|Professor Leonard Goldstein|
Goldstein was a disciple and close friend of Karl Niebyl.
He received his Ph. D. from Brown University in 1955, then
taught English Literature at Brown, Georgia Tech, Rutgers and
Fairleigh-Dickinson University until 1962 when was forced to
emigrate due to political blacklisting. He went to the GDR where
he taught at Postdam University. He resides now in the Federal
Republic of Germany.
This is a text of a lecture given at the Niebyl-Proctor library
in October 1991.
The Unification of Germany by Lenard Goldstein
The collapse of socialism in the German Democratic Republic was the result of a combination of economic and political causes. If I confine my remarks to the events in the GDR, I am not unmindful of the fact that not only the whole of Eastern European socialism has disappeared, but we are also watching the death throes of socialism in the Soviet Union.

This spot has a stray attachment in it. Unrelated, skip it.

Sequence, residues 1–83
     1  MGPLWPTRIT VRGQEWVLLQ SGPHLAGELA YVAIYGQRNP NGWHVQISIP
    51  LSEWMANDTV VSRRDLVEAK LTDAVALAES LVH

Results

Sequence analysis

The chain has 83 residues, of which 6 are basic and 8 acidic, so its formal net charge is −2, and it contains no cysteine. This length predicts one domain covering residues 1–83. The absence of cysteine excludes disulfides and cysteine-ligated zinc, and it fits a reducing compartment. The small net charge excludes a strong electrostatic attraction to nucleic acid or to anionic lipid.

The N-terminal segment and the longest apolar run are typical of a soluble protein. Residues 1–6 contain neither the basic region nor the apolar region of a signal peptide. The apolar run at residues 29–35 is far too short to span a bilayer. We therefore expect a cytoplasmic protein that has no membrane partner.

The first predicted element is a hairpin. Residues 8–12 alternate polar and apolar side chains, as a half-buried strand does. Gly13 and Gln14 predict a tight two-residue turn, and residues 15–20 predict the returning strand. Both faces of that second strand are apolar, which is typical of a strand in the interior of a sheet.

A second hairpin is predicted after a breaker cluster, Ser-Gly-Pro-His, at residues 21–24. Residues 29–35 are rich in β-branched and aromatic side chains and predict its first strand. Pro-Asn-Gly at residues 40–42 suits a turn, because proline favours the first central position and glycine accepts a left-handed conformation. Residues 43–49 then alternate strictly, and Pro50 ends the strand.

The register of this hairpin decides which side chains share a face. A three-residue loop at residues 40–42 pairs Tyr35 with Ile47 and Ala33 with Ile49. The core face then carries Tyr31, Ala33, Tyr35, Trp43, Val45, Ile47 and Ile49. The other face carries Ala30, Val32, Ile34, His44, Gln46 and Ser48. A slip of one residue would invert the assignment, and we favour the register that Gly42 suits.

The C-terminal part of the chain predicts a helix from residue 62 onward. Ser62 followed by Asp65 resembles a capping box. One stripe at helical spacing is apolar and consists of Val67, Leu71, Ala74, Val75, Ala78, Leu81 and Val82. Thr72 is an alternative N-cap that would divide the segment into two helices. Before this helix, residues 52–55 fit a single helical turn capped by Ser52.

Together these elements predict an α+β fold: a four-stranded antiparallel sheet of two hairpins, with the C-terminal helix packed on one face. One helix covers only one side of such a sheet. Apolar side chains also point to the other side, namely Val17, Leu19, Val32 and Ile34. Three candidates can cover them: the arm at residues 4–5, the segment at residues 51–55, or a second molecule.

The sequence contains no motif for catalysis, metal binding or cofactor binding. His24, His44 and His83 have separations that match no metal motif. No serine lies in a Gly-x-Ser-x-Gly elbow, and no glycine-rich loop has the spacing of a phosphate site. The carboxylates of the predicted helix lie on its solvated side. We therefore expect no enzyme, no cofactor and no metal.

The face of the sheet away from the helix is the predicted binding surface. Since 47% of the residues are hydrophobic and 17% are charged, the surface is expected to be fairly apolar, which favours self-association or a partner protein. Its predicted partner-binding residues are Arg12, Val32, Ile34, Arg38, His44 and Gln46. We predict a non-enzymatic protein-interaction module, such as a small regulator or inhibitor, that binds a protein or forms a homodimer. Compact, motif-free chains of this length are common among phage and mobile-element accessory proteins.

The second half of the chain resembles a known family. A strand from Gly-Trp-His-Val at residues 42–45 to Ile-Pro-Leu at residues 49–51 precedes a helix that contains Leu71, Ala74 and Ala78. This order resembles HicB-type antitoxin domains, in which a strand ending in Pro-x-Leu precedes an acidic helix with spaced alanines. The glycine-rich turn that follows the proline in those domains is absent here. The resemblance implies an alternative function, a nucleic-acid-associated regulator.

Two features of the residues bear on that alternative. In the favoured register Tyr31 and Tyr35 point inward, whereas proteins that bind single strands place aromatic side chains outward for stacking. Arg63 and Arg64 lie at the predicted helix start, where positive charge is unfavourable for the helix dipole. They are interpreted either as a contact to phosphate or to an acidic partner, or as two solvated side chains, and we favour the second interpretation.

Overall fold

The GDR as a state was created October 1949, a product of the post-war settlement between the Western capitalist powers and the Soviet Union. It was created out of the Soviet Zone occupation shortly after the Western Allies had unilaterally created the Federal Republic in September 1949 under the leadership of the USA as a bulwark state to spearhead President Truman's anti-communist crusade in Europe. This action forced Stalin's hand at every stage from 1946 onwards. By 1949 the cold war was on, and repeated efforts of the Soviets to reunite Germany as a democratic and neutral state (1949, 1952, 1954) met with no response, and when the FRG was brought into NATO, the Soviets gave up the effort. The GDR was created in response to Western antagonism and under the occupation of the Red Army which enabled the development of socialism there. Thus the Soviet Union, under Stalin, dominated the process. The key to an understanding of the defeat of socialism lies in the nature of the Soviet economy and the subordinate relation of the GDR to that economy.
This being the case, it is necessary to say something about the Soviet economy and how its condition affected the economy of East Germany.